Reusability or Conversion
So far we have considered the renewability of the materials used in the pack.
But to be sustainable the pack should maximise the alternatives to land fill:
- Biodegradable, Degradable, Compostable
Re-use both reduces the burden on land fill and removes the need to make a second product from new resources.
- Re-use for the same purpose
- Storage for refills
- Wash balls
- Reuse for a new purpose
- Children’s toy
- Storage for new items
Recyclable Packs (Recycle ABLE)
Recycling reduces burden on land fill and can yield a new product or more of the same product.
A single recycling route is preferred.
Consumer separation can be confusing and potentially contaminate waste streams.
Items which prevent recyclability should be avoided.
Can depend on facilities available eg. Laminates.
The conversion of organic materials to basic chemicals (Generally Gases) by microbes or other organisms.
- The breaking down, under natural conditions, of an item into smaller pieces
Compostability is a combined process:
Combination of Biodegrading and Degrading.
Uses an enhanced environment (composter) with increased temperature and controlled conditions.
Produces a new product: Compost.
Benefits of Composting
- Disposes of resources without gaining further value
- Requires further resources to be used
- Uses increasing space, time and energy for no return
- Opportunity to produce compost which has value
- Compost reduces need for chemical fertilizers
- Uses some space and time for a commercial product
- Composting “closes the loop” for renewable sources
The Need for Definitions
Everything will eventually biodegrade, compost or degrade, given enough time and the right conditions.
Practically nothing will breakdown by any of these processes “100%” to leave “nothing”
So the following need to be defined:
- What do these terms mean?
- What amount of breakdown is expected?
- What time and conditions are required?
There are several standards but the European standard is the most well defined and known.
EN13432 – “Requirements for packaging recoverable through composting and biodegradation”
Meeting the requirements of EN13432
There are two ways to meet the standard:
- Use of 95% compostable/biodegradable materials
- Testing of final pack to confirm 90% compostable/biodegradeable under controlled conditions
Products can comply with EN13432 without specific testing, provided:
- 95% or more of the packs components can be proven to be Biodegradeable/Compostable
- All components are non-toxic
- Heavy metal levels are below the levels set by the packaging waste regulations
- Other components have no known environmental hazard
- The remaining 5% would typically be inks, varnishes and adhesives
Testing to 90% Compostable/Biodegradable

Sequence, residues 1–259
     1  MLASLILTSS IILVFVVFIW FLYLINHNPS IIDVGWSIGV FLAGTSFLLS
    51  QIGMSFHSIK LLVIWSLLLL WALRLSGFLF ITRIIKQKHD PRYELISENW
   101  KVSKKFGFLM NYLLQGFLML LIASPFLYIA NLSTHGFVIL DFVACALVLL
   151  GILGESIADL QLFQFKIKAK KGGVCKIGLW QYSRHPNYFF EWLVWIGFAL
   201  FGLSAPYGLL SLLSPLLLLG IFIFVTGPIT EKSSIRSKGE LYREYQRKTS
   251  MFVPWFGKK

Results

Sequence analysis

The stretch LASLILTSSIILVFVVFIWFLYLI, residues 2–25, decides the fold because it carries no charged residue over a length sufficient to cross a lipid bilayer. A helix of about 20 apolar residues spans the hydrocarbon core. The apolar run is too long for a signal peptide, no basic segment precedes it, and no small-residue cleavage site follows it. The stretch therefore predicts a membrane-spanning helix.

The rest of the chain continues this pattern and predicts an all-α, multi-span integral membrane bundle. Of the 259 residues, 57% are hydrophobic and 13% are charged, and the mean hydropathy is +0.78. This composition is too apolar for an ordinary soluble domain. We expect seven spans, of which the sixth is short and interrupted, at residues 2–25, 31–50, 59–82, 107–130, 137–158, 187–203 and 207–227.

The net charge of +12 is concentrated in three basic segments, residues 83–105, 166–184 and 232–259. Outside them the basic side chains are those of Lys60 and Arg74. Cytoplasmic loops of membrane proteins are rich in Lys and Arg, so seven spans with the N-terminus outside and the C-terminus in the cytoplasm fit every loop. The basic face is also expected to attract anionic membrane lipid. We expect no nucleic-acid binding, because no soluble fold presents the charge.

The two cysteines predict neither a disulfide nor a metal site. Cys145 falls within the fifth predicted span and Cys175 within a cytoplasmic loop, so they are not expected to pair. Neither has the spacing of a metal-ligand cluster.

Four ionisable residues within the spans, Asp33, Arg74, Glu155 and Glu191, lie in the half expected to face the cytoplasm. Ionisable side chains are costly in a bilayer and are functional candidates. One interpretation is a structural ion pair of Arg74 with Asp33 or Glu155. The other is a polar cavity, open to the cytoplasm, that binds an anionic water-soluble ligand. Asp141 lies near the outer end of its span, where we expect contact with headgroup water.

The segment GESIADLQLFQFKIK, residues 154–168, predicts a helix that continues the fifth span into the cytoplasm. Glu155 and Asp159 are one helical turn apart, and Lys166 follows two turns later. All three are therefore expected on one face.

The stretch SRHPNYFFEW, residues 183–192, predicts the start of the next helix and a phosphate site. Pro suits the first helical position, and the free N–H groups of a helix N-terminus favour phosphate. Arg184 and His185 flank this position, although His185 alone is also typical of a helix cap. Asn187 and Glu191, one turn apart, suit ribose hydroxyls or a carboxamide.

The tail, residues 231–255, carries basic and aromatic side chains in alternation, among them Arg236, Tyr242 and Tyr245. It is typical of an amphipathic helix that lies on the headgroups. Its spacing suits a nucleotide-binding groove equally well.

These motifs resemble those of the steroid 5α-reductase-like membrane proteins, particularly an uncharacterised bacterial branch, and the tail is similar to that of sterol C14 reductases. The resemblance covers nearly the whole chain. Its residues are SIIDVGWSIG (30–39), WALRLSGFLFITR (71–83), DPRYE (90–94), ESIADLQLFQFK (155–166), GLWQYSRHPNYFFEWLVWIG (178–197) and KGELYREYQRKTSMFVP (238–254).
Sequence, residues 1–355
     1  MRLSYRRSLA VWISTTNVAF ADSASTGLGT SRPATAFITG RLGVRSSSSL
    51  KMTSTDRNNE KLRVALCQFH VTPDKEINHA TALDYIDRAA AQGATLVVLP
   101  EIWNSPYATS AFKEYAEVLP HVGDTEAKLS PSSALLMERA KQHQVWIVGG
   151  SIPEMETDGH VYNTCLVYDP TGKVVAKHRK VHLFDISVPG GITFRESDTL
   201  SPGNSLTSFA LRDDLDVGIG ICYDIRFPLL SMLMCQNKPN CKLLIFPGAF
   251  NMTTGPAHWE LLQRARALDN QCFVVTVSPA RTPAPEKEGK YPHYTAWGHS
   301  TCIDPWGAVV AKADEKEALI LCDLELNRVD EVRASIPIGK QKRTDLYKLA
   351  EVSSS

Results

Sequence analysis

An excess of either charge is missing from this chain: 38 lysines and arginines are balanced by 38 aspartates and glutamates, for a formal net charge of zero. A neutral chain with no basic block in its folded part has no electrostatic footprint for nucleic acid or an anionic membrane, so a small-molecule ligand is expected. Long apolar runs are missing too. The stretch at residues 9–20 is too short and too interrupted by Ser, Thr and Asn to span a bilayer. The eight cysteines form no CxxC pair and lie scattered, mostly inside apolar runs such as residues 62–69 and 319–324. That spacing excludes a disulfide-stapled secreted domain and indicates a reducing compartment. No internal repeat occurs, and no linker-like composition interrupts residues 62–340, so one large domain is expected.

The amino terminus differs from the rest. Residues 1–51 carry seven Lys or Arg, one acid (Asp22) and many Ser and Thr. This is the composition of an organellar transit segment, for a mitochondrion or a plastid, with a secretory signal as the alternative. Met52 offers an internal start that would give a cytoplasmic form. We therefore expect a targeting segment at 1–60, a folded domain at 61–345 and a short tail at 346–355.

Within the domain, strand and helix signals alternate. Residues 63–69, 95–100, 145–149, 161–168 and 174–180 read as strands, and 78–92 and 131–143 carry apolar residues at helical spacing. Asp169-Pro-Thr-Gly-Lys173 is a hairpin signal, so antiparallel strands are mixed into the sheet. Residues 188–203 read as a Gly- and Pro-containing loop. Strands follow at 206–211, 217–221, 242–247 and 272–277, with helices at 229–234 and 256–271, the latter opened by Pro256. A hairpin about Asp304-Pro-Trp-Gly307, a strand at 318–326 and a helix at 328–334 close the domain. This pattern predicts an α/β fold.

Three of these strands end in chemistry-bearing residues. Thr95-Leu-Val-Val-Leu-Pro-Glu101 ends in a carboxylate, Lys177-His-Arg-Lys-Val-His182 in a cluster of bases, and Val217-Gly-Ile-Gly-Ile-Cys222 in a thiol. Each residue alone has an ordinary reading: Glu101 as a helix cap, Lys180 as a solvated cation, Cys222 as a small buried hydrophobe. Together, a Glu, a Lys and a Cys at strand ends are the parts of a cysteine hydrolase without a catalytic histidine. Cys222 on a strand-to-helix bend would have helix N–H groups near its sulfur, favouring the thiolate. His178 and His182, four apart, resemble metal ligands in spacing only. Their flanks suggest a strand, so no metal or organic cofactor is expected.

EN13432 is the “benchmark” requirement but testing (and therefore certification) is carried out to various international standards, the most common being:
- Din Certo
Non Compostable Packs
A Pack cannot be considered compostable if:
- Less than 95% known compostable
- KNOWN non-compostable components Eg. Non-biodegradable plastic laminates
- Harmful for the Environment
- Environmentally Harmful
- Heavy Metals
Boards can be considered Compostable if:
- 95% or more of the board is wood pulp
- The wood pulp is unbleached or bleached using a “Chlorine Free” method
- Less than 95% of the board is wood pulp but the finished board has passed Compost Testing
Acceptable Board Grades
Boards meeting the criteria are:
- Kraft (unbleached) Boards
- SBS (Sulphate Bleached) Boards
- “Chlorine Free” FBB Grades
- Recycled Boards
- Composite or Coated Boards (for Barrier Properties) with Certified Compostability
- Biodegradable laminates without specific testing
- PLA (Corn Starch)
- Natureflex (Cellulose from Wood Pulp)
- Degradable laminates could be potentially certified
- Recycled, degradable, PE
Barrier Coated Boards:
- “Tecta” grades are only currently certified boards. “Tecta” Base, Oven and Vapour from Stromsdal Mill
- Other Boards are being assessed but not yet available
Need to be proven to be Compostable.
Current Commercial, Food Grade, Plastics are:
- PLA (Poly Lactic Acid), manufactured from corn starch
- Natureflex (Cellulose), manufactured from wood pulp
Other materials (know but not technically/commercially suitable):
- PCL (Polycaprolactone)
- PGA (Polyglycolide)
- PHB (Poly Hydroxy Butyrate), made from sugar cane by bacteria
- “Zein”, from corn starch
- “Plastarch”, from corn starch plus other biodegradable components
Plastics made from natural oils and resins.
Not well defined.
Includes Biodegradable Plastics (PLA etc) but much wider base.
May also contain non-natural components.
Biodegradable but may need testing.
Coatings, Inks, Varnish, Adhesives
Present in all packaging and generally not proven to be compostable they should:
- Comprise less than 5% of the pack
- Not be KNOWN non-compostables
- Be non-toxic, environmentally safe and in full compliance with Packaging Waste Regulations